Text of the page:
Niran Babalola is in love with cities

[Editor’s note: Very special thanks to Terrence Henry for making this interview happen. TL;DR: Niran Babalola’s message challenges Austin “progressivism” by highlighting systemic discrimination through Austin’s land use laws.  The message relates to modern policies and recent votes from City leaders.]

Niran Babalola is in love with cities.

“They’re amazing things,” he says, “where all these people come together in one place.” Babalola, the head of the housing and land use reform group DesegregateATX, is an Austin native who has spent much of his free time in recent years reading everything he can to understand cities better and what makes them work. And he’s found that the way Austin’s does things — whether it’s transportation, land use or housing affordability — tends to ignore the best practices of others and ends up only serving a select few.

“We’ve decided in this city not to govern for the have-nots,” Babalola says, pointing to land use policies that favor expensive single-family homes over denser, more diverse types that serves a wider range of people.

“We are the most economically segregated city in America, the only city with a declining African-American population.”

Over a long conversation (and a few cups of coffee) this summer downtown, Babalola told me the story of how Austin’s promise for all has been betrayed by its protectionism for the privileged few. A condensed version of our conversation follows:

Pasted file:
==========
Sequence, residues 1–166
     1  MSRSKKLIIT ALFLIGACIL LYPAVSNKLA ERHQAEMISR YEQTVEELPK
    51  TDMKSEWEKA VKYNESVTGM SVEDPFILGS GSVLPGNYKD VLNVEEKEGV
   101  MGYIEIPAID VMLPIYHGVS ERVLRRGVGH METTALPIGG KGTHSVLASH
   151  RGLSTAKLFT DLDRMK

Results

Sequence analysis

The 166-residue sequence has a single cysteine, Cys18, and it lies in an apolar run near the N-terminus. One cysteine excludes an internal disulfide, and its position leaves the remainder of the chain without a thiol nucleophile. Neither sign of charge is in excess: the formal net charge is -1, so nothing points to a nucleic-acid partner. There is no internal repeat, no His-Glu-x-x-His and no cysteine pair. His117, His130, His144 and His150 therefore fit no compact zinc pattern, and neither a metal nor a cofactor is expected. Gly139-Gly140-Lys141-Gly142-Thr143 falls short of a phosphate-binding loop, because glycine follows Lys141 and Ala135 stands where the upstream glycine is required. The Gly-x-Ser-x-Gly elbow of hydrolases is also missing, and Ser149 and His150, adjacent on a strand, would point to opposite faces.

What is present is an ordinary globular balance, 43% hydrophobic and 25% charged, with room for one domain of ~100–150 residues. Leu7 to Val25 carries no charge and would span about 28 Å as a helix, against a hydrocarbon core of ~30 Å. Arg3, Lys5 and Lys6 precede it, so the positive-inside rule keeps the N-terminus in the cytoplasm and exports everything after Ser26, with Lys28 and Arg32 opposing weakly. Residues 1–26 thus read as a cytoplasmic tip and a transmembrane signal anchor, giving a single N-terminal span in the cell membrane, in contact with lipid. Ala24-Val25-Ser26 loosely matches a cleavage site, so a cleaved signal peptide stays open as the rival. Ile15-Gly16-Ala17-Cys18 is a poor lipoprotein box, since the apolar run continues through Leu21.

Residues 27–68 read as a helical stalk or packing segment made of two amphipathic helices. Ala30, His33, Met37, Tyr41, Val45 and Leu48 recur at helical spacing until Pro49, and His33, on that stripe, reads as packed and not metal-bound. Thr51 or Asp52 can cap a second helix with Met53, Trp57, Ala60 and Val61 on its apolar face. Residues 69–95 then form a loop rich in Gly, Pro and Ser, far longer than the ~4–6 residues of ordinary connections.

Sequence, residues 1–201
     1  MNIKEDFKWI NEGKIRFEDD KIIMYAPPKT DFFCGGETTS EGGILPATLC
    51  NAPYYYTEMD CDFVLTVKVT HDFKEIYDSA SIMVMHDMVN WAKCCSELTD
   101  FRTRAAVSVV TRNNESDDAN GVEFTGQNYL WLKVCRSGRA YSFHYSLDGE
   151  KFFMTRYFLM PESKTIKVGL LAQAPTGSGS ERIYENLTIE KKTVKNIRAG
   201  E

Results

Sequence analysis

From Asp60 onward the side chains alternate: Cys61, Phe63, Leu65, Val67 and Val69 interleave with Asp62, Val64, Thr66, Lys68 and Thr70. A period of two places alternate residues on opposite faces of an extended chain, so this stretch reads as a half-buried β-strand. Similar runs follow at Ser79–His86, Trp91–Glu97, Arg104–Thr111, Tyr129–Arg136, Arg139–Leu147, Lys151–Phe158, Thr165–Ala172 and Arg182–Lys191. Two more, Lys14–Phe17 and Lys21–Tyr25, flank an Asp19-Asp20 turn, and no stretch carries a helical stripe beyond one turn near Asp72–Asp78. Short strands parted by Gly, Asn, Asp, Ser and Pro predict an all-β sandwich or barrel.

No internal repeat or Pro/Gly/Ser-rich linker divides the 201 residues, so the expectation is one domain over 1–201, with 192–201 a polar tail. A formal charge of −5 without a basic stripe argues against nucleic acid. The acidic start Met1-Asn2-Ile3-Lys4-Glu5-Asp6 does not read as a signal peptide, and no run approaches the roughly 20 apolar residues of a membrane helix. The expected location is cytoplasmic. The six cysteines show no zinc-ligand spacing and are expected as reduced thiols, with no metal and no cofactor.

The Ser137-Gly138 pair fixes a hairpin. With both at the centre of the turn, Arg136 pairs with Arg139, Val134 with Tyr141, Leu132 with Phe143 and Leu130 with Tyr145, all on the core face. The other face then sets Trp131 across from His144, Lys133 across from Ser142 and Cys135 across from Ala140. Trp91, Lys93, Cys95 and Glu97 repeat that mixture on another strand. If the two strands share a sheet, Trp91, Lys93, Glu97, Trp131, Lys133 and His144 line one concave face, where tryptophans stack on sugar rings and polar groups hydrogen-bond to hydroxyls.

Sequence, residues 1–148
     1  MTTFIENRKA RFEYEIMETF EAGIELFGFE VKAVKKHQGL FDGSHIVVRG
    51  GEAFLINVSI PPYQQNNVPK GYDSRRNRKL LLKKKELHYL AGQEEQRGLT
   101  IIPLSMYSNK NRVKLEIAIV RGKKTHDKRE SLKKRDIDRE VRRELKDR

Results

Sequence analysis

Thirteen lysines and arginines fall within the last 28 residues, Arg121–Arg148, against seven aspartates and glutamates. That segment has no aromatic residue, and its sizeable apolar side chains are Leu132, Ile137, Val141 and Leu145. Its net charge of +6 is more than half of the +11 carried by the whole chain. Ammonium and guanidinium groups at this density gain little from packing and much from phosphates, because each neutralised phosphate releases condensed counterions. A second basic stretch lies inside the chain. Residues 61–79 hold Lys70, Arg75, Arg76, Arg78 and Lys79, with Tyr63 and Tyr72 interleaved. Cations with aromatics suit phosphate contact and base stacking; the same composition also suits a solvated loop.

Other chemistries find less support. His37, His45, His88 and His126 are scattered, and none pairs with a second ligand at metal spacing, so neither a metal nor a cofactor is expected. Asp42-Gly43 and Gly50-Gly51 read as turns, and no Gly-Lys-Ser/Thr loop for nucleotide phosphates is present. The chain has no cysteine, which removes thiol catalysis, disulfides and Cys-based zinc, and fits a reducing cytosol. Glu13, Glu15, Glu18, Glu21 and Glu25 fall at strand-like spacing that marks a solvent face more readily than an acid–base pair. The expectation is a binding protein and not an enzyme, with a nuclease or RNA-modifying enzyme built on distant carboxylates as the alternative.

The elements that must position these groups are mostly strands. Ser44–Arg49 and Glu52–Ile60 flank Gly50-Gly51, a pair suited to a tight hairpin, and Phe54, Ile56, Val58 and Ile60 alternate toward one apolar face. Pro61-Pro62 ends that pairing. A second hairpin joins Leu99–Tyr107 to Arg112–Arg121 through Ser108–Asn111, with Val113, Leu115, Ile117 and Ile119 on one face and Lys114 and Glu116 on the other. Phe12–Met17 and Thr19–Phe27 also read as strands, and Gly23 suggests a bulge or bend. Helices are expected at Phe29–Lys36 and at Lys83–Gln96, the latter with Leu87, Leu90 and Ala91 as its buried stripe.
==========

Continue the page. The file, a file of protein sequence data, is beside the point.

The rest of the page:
TH: So how did we get to where we are today?

If you ask economists about how economic segregation occurs in cities, they’ll tell you it’s the policies of a city that makes it happen. They’ll point to studies showing how restrictive zoning laws cause economic segregation. The harder you make it to build homes, the more economic segregation you end up getting, especially in a city with a thriving economy like Austin’s. If you limit the number of homes, all you end up doing is pushing people out.

Niran Babalola

Niran Babalola

If you want to include all kinds of people, you have to include their homes. You have to include them in your neighborhood. Otherwise you’ll be pushing them further and further away from all the public investments we’ve made together.

If you look at the laws in effect in Austin’s central neighborhoods, in the vast majority of them, they say you can only build the most expensive type of housing: a single-family home with a big yard. Mixed-income neighborhoods in the core of the city are essentially illegal. But if you look at the statistics about what kinds of homes people live in, it will show you that the vast majority of white families live in single-family homes in Austin, a minority of black and hispanic families live in single-family homes. It’s not just economic segregation, it’s racial segregation. And we’re surprised we have an affordability problem!